Introduction: In 1937, Penfield and Boldrey published their seminal work on the homuncular organization of human sensorimotor cortex. Despite playing an important role in speaking, eating, and oral gestures, the ventral half of the SMC (vSMC) remains understudied. In this study we qualitatively describe stimulation-evoked responses of the vSMC and determine the probability of observing a given response at any given cortical position when stimulated in an individual.
Methods: Video, photographs, and MRI stereotactic co-registration images of intraoperative electrical stimulation of the vSMC were collected for patients undergoing awake craniotomy. Stimulation sites were converted to a 2D coordinate system based on anatomic landmarks. Patient responses to stimulation were iteratively reviewed & classified. Probabilistic maps of stimulation responses were generated.
Results: In 33 patients, we identified 194 motor, 212 sensory, 61 speech arrest, and 27 mixed responses. Responses were complex, stereotyped, and mostly non-physiologic movements, involving hand, orofacial, and laryngeal musculature. Within individuals, the presence of complete representation of the oral movements varied, however the dorsal-ventral order was maintained. The most robust motor responses were: jaw (probability = 0.85), tongue (0.64), lips (0.58), and throat (0.52). Vocalizations were seen in 6 patients (0.18) near lip and dorsal throat areas. Sensory responses were spatially dispersed however patients’ subjective reports were highly precise in localization to parts of the mouth. The most robust included: tongue (0.82), and lip (0.42). The probability of speech arrest was 0.82, highest 15 - 20 mm anterior to the central sulcus and just dorsal to the Sylvian fissure.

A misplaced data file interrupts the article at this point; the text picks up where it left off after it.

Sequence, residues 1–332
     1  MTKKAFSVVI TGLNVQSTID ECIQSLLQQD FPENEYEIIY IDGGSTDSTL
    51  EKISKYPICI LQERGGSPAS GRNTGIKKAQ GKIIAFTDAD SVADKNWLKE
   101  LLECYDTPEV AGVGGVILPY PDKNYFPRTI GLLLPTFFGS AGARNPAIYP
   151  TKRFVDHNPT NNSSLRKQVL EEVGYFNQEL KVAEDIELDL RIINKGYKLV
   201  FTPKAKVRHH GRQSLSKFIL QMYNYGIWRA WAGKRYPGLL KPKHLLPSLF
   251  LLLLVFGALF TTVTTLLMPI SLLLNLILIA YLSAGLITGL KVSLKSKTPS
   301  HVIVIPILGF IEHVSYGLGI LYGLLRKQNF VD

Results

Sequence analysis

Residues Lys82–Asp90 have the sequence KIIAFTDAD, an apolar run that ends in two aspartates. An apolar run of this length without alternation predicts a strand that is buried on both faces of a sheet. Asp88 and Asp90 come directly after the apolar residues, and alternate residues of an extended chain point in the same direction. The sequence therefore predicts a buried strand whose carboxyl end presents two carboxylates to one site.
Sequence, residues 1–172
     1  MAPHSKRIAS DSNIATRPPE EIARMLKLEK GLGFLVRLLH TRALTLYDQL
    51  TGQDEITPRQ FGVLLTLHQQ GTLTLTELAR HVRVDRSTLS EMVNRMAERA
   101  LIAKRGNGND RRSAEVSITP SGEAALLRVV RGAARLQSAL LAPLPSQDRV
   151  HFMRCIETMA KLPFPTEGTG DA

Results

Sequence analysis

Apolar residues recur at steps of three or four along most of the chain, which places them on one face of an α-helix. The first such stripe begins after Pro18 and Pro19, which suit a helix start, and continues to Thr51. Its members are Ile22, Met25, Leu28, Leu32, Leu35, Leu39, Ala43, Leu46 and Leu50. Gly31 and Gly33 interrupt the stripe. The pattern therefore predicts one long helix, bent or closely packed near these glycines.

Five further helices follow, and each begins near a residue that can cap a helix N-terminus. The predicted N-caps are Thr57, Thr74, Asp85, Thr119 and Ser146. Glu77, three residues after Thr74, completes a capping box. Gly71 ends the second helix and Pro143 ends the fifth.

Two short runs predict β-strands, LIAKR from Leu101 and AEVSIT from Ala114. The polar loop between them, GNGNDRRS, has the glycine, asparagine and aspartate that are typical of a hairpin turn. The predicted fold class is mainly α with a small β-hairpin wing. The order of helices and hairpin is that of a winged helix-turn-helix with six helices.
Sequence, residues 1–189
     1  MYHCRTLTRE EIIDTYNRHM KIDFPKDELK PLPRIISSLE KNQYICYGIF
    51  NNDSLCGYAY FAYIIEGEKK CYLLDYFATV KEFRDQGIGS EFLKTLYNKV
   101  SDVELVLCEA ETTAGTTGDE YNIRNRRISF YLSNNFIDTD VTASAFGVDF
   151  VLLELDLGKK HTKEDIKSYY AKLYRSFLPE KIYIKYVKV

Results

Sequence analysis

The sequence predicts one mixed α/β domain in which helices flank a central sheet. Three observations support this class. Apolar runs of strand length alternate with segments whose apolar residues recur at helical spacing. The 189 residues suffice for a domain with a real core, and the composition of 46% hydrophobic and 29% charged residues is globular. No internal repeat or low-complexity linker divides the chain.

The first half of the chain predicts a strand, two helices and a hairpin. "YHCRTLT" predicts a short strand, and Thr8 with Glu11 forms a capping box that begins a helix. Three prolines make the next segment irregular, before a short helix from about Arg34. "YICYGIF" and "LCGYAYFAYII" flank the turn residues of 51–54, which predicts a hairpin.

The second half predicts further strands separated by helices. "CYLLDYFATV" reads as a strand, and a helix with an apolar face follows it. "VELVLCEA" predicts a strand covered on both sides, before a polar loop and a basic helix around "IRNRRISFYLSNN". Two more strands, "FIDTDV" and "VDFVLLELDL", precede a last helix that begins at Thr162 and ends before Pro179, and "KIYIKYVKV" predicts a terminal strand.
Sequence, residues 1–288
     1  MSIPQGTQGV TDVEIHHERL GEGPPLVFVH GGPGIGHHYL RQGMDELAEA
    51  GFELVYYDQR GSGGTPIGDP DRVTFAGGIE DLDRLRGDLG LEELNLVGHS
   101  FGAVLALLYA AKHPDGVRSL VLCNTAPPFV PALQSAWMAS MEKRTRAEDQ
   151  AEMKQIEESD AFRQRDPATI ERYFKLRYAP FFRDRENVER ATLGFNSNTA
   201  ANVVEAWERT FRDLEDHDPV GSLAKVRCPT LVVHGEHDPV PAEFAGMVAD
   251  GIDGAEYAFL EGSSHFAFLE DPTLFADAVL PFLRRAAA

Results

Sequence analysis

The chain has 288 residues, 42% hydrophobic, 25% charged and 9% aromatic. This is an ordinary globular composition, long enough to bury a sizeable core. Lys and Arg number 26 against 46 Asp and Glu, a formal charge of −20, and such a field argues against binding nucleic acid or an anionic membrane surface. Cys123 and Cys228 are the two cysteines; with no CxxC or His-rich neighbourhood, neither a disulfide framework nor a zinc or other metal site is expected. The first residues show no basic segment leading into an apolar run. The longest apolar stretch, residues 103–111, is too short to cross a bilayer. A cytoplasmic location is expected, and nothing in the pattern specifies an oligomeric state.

Conclusions: We report probabilistic maps of function in the human vSMC based on intraoperative cortical electrical stimulation. These results define the expected range of mapping outcomes in the vSMC of a single individual, and shed light about the functional organization of the vSMC supporting speech motor control and non-speech functions.
Patient Care: Improved understanding of the functional organization of the vSMC will lead to improved mapping, safer resections, and a better understanding of speech motor control.
Learning Objectives: By the conclusion of this session, participants should be able to: 1) Describe the expected responses to cortical electrical stimulation of the vSMC 2) Discuss the range of individual variability in responses to stimulation 3) Describe the spatial probability distribution of a given stimulation response in the vSMC
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